The federal farm bill expired at midnight on Sunday, leaving dozens of programs in limbo until Congress can pass a new spending package or an extension of the old one. Lawmakers were unable to agree on several key issues in the latest version of the bill, a massive, comprehensive omnibus that comes up every five years or so and is expected to authorize roughly a trillion dollars in spending over the next decade.
Both the House and the Senate passed versions of the farm bill back in June. The four top negotiators in Congress – Pat Roberts (R-KA) and Debbie Stabenow (D-MI) in the Senate and Michael Conaway (R-TX) and Collin Peterson (D-MN) in the House – do not intend to vote on a new bill until after the midterm elections, Politico reported.
Food stamps are a key sticking point: The House version of the bill includes tougher work requirements for the Supplemental Nutrition Assistance Program (SNAP) but the Senate version does not. The work requirements would reduce national participation in state-level food stamps programs by about one million over 10 years, according to Congressional Budget Office data reviewed by the Center on Budget and Policy Priorities. The House version would also provide billions in job training.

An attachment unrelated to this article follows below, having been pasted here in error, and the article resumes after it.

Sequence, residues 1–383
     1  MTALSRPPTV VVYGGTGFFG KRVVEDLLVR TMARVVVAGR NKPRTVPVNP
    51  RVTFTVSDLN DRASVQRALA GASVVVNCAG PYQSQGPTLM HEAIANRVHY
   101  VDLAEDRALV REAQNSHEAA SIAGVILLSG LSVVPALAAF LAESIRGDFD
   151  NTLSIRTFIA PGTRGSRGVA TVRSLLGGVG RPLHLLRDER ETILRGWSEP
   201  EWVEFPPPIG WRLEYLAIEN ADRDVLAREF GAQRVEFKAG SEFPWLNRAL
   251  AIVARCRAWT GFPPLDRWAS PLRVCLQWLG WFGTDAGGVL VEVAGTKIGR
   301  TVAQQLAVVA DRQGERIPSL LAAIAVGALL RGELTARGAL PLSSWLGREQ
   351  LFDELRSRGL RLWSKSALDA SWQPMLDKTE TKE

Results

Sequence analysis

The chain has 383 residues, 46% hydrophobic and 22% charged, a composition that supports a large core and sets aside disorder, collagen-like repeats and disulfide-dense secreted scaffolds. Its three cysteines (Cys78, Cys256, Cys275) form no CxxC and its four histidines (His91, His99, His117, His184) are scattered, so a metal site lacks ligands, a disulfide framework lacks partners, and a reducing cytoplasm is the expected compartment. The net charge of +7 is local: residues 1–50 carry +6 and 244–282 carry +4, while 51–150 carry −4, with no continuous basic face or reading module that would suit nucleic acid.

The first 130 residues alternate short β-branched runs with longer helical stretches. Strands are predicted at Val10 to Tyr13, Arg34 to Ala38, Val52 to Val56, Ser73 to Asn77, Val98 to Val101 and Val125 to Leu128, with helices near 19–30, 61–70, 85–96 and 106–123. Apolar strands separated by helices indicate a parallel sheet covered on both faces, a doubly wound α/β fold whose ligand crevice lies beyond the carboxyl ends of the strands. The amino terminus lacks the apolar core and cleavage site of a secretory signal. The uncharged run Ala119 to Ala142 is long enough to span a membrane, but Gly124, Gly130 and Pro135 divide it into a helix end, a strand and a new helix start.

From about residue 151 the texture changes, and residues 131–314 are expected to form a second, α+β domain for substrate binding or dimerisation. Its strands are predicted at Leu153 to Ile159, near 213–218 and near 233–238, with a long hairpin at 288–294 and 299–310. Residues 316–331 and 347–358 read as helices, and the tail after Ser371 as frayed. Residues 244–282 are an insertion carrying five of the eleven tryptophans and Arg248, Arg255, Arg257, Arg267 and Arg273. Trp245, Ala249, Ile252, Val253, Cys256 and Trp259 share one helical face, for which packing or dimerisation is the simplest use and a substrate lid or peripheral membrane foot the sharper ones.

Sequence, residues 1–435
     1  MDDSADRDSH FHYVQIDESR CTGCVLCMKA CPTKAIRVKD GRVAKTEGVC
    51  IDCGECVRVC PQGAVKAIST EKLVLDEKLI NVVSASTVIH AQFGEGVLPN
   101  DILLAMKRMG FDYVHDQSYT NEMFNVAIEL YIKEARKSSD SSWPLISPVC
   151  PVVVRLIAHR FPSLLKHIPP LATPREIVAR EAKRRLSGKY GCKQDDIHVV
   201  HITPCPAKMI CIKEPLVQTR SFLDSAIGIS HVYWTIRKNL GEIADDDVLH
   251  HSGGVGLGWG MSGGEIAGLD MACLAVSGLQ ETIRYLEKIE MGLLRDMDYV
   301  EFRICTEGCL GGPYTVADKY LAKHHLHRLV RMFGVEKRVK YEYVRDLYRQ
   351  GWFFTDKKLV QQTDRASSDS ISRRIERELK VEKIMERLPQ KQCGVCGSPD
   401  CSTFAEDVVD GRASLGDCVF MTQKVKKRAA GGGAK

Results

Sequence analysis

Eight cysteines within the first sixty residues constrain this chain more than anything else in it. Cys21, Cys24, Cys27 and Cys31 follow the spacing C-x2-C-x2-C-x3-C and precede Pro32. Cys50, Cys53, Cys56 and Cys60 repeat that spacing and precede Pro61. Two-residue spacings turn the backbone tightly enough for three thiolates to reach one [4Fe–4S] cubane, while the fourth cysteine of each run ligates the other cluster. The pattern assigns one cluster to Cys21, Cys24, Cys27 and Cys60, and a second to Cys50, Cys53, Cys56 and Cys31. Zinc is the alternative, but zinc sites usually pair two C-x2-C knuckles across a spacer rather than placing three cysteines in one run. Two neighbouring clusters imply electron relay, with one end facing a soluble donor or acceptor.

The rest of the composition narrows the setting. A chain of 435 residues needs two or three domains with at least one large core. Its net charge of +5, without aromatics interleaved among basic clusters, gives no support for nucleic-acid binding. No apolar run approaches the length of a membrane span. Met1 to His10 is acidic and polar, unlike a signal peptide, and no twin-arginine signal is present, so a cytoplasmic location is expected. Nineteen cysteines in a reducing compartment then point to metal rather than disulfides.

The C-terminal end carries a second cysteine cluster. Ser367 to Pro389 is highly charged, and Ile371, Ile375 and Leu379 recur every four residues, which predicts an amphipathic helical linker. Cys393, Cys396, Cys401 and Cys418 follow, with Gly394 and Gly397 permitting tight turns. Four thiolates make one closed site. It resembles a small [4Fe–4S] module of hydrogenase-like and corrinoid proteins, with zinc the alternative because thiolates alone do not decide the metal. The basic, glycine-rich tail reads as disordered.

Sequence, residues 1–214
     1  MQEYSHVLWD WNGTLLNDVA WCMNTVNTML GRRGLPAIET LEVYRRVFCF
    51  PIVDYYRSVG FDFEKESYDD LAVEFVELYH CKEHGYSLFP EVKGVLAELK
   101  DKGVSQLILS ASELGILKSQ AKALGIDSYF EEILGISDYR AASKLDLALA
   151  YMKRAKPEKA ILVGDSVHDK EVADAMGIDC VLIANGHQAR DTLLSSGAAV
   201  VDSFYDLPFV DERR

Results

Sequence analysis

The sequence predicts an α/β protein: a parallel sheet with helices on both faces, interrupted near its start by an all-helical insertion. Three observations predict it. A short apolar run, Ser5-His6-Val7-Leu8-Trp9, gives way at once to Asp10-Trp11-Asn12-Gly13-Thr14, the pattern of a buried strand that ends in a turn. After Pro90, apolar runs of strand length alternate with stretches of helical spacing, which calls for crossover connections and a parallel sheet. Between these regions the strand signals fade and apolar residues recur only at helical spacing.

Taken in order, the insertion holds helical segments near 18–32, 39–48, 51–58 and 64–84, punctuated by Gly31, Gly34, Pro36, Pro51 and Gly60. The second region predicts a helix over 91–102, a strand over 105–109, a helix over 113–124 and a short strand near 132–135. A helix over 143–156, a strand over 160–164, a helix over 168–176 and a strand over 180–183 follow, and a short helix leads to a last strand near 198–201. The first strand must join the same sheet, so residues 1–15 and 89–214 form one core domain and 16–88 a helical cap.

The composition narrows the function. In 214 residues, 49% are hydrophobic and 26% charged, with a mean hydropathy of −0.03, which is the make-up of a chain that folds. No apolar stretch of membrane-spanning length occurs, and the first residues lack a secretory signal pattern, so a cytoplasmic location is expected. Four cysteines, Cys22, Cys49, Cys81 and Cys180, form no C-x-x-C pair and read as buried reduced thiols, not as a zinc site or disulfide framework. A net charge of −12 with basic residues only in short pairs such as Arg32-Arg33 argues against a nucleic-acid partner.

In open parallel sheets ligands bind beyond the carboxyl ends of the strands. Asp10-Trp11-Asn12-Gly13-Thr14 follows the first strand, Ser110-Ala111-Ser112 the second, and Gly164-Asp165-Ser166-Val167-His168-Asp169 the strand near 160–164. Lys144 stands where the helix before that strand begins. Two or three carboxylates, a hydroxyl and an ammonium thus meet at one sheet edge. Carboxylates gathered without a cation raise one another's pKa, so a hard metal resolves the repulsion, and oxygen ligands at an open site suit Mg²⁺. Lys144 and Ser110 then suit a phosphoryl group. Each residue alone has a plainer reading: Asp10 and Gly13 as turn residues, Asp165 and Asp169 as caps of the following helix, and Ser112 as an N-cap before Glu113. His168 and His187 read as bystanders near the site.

But there’s plenty else, too: The bill is noted for its size and breadth, and lawmakers still need to agree on a raft of proposals ranging from conservation practices to a first-ever definition of “biostimulants” for the agricultural sector.
What to expect: Farm bills can take a while to get through Congress and extensive delays are not usual. The most recent bill, which passed in 2014, took 21 months and two Congresses to work out, Roll Call reports, so get ready for more debate and possible short-term extensions in November or December.